It’s hard in the morning. He feels physical pain and terrible anxiety. His body can be pretty shaky. “It’s really tough before the first beer. But if I don’t have to talk or be around people I might be able to start.”

Soon he’ll be admitted into a program. It’s only a few weeks off but now that he knows it’s coming he’s struggling to stand it outside. Sometimes when you know a tough time is about to get better, the waiting can be excruciating. “It’s just harder each day. You can say it’s only a few weeks but it feels so long now.”

That’s part of the reason we hatched this camp site idea. “I think I’ll go to an AA meeting tomorrow,” he says. “I can shower up and clean my clothes and go.”

Steve smiles easily and while he looks a bit awkward in the store supplying up for the campout, he gets through it. “Just pretend it’s back in the old days when you took your son camping. This is you taking a vacation. That’s all,” I tell him this while I’m convincing him to let me buy him some food.

For some folks who live rough going into a store or sitting down at a restaurant is too much. I’ve had both men and women tell me they can’t do it because they are too afraid of making a scene, of being thrown out in front of me.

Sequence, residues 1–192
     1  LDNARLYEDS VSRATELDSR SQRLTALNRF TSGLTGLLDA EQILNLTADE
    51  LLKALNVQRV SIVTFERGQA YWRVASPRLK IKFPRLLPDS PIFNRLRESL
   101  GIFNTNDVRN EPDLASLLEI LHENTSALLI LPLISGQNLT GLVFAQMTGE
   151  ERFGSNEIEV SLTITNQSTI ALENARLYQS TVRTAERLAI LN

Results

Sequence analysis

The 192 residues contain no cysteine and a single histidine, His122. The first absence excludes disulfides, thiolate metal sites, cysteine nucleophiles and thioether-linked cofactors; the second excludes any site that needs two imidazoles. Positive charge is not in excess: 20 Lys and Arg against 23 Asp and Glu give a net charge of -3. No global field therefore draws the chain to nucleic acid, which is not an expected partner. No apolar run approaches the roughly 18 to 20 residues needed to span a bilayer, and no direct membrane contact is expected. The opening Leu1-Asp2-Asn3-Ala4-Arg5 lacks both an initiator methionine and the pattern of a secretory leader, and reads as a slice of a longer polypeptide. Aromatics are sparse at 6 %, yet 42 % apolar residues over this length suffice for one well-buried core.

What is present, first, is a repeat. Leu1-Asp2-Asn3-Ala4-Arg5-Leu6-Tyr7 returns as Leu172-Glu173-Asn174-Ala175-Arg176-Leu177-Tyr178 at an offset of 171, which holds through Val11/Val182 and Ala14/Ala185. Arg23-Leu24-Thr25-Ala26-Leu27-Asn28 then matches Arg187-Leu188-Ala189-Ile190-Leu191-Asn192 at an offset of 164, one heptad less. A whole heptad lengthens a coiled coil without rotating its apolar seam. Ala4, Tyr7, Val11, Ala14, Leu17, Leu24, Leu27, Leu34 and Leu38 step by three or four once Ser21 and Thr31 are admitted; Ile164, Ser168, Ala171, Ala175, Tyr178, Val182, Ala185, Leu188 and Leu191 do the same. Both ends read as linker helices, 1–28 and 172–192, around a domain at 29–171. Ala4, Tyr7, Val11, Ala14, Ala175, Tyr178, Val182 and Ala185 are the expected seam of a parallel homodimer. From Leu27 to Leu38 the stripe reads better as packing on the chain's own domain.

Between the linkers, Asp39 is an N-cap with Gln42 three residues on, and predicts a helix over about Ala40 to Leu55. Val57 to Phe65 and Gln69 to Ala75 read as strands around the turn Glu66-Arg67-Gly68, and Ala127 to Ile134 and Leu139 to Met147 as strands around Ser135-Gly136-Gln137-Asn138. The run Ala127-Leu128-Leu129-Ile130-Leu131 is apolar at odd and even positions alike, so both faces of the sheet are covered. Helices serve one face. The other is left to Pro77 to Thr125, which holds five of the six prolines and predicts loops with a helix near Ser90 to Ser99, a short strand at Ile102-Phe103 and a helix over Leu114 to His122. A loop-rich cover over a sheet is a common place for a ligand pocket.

Steve was a successful guy for most of his life. He grew up in a nice home and made his way in the building trades. He was in a long marriage and fully expected he’d round out his life that way. But when he could no longer go home and the job slowed to a crawl during the recession, the bottom fell out. He was something he had never imagined–a homeless man.

Depression hit him hard and he discovered a deeply buried secret–he’d struggled with it most of his life. It was in his family too. He’d been known to drink beer at the end of the day but he figured it was no big deal. Until it all came down on him at once.

Now it weighs on him daily.

He’s been in and out of rehab a few times. “What makes me think it’ll stick this time? Maybe this is who I am,” he says despairingly. I tell him it’s really his call. Once he gets through the physical detox he gets to decide.

“I think it’s just the loneliness. It will make you crazy.” I assure him I know. But it’s possible I don’t know. The kind of loneliness a person feels who is homeless is an entirely different level. A homeless person is invisible and highly visible all at once. I’ve been told more than once that people see a drunk or a bum or an addict, they rarely see a person.

That’s a whole other kind of alone, I imagine.

Yet, here he is on this afternoon with the sun making a sharp line through the trees illuminating his face. The river is flowing and he is barefoot and smiling.

Yes, maybe this is the time it sticks.

We sit and talk for awhile. I feel weird leaving him here. “Hey next time you see me–would you mind bringing me a book? I’d love to get some reading in. Maybe some kind of spiritual book or something uplifting,” he says as I pick up my keys to leave. “There goes Grapes of Wrath. I was going to bring you that.” We both laugh.

“I’d read it. I suppose I’ve lived it in some ways.”